Emily Coulter at just 33 is seldom without a bright smile and a welcoming, easygoing manner no matter how busy she may be. With a happy family including her husband, Ben, and two little girls at home and both sets of parents nearby, one might guess she hasn’t a care in the world.
But with the responsibility of running the busy Morrice Florist business she purchased in 2014, juggling work and family, and seeing her mom through a recent health challenge, Emily is well aware that every life can have its ups and downs.
Then came this summer with extreme heat and drought, heavy traffic and jarring accidents, politics filled with sound and fury, and news of terrifying violence around the country and globe. Little wonder that she finds herself tossing and turning some nights, despite her naturally sunny outlook.
That was when she hatched the idea for The Kindness Project, using roses to bring some joy and reassurance to people, and to remind them that the world is good, not really the heartless and scary place it can sometimes seem to be.
“I really just thought in the middle of the night that it would be nice for us to give back to the community, to bring people love and kindness,” Emily said.
The State Road, Vineyard Haven, shop is an oasis of cool serenity, delicate aromas, charming gifts, and exuberant blooms. Front and center are dozens of roses — traditional red, pink, yellow, pristine white, even lavender.
We chatted in the sun-dappled greenhouse at one end of the building, a cool, woodsy world of its own with a high glass ceiling and lush houseplants all around. Emily outlined her concept, a wonderfully sweet and simple one. The shop would offer a free rose to anyone who would give it away to bring a little joy to someone else. Her staff members loved the idea and quickly got behind it. One helped her come up with the name – The Kindness Project.
Emily ordered extra roses and launched the heartfelt giveaway in mid-July. The staff got the word out through newspaper listings, social media, telling customers and everyone they knew. They posted a sign out front, inviting the First Family to “Come in and learn about our Kindness Project.”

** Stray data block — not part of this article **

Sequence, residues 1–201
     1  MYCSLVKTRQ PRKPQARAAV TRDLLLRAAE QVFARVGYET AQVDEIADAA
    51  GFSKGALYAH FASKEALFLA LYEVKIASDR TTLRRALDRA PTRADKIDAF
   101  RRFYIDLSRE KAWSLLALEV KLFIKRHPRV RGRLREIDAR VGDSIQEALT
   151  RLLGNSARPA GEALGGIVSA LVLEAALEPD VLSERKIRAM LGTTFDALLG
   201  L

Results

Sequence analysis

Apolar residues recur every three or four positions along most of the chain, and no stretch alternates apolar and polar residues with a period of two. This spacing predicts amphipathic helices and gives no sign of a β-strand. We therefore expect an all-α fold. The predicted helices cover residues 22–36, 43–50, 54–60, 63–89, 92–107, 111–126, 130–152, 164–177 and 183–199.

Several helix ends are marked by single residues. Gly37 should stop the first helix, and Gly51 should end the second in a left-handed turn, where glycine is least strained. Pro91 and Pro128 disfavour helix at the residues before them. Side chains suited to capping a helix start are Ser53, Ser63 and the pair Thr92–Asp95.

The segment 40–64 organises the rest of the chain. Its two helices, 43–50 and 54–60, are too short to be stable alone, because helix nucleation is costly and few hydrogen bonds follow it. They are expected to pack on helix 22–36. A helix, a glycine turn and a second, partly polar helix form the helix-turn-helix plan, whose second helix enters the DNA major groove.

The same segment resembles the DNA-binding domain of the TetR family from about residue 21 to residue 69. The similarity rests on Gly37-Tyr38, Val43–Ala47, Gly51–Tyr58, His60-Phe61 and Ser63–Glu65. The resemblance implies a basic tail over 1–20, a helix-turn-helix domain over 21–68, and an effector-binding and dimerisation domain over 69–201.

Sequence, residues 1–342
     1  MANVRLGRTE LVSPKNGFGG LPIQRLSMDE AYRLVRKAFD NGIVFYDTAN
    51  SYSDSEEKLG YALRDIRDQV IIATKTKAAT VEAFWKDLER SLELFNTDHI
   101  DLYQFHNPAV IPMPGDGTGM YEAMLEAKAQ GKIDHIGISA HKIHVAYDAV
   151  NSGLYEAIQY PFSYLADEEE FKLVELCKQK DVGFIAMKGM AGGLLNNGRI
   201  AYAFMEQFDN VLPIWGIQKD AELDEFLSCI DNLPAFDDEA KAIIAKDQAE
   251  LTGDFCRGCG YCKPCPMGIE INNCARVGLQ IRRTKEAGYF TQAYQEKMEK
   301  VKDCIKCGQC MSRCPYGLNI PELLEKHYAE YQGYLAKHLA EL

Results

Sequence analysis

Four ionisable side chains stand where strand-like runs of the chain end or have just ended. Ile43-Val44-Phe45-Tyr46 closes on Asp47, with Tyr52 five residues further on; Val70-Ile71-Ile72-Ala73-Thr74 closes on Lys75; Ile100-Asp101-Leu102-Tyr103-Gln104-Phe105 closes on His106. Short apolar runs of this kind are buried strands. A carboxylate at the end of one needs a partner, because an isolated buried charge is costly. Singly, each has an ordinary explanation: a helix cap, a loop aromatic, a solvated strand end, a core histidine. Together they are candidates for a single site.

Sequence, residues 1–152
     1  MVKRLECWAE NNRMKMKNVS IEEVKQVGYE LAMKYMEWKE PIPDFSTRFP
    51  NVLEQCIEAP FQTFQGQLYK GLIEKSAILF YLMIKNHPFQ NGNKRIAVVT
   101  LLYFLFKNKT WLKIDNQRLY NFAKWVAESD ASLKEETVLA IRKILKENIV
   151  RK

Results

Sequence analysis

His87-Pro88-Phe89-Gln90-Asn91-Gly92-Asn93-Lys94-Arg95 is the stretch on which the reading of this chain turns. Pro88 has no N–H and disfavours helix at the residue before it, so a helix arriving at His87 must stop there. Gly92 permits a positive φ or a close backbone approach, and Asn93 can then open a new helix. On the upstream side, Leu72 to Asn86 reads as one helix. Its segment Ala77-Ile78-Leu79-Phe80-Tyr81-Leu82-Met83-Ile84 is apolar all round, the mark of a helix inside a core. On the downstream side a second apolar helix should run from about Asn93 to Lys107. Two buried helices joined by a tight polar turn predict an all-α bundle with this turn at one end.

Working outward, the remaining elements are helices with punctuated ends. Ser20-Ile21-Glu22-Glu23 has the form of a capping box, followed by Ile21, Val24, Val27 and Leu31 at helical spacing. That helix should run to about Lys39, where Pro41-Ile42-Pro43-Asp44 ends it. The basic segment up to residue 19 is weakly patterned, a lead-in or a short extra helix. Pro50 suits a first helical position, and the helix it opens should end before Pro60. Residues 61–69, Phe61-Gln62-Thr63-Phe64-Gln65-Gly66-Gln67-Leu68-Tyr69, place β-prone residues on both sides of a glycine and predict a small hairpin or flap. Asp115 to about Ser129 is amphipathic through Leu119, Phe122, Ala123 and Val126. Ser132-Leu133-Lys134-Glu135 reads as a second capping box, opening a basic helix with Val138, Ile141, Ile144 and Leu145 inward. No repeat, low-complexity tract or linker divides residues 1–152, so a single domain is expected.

Emily encourages participants to consider carefully when choosing a recipient.
“Think of someone who could use a pick-me-up, someone going through something, someone who had a really bad day. Or it could be a friend that had a horrible night waitressing.”
A rose may be given to any loved one, a favorite family member, a close work pal, or to someone as a warm gesture of appreciation and gratitude, she added. And that college girl behind the counter who serves your coffee every morning or the mechanic changing your flat tire could be perfect choices.
Emily is especially hopeful that some people will take a rose and present it to a perfect stranger, like the woman who visits Tulip Tuesdays, buys a bunch for herself and another for a stranger.
“It could be anyone. You could come in and get a rose and walk down the street until you find the right person to hand it to.”
Emily devised a characteristically creative way to keep track. She cut little squares of paper, painted them dreamy pastel tones, and stacked them on the counter for those who take roses to record their names. Later, she’ll string the names together and hang them.
“It’s a way to have something to show for what we’re doing,” she said. “A chain of kindness.”
Emily reported that the response to the rose offer has been modest, that fewer patrons than she had expected have taken a rose for someone special. But those who have done it have been delighted.
Polly Simpkins of Vineyard Haven, a staffer at MVYradio and originator of the Cup of Karma series, had no question about her recipient.
“I am giving a rose to Laurel Redington because she is such an inspiration to our Island. And she is such a treasure in how she expresses her engagement in our Island community,” said Polly, who works closely with Laurel at the radio station. “I love her!”
Days later, Polly shared how gratified she was by her friend’s response.
“It had been a long, hard week at work,” Polly said. “I left her the rose so she’d see it when she came in. She was so happy. She said the rose was the one thing that made her smile that day.”
Writer Wendy Brophy stopped by in between errands, browsing thoughtfully through the color selection before choosing a deep pink rose for a friend and former work colleague.
One woman agonized whether to give a rose to her hard-working daughter-in-law, a friend fighting a legal battle, or her beloved six-year-old granddaughter. She was overjoyed to learn she didn’t have to pick only one.
“You can come in every day,” Emily laughed.
When she hears stories of how pleased rose recipients are, Emily knows the project is doing just what she hoped for.
“People love to know they’re being recognized and appreciated,” Emily said. “It makes people feel good.”
Although she initially planned to end the giveaway after Labor Day, Emily said she might extend it through fall if it gains popularity.
Staffers are mystified as to why more people have not participated. They guess it may be anything, from heavy traffic and summer chaos to shyness, but they feel confident the project will catch on.
And despite the slow start, Emily is happy with The Kindness Project.
“I love that we’re doing it,” she said. “Hopefully we will affect more people’s lives with it. The more popular it becomes, the more excited we are about it.”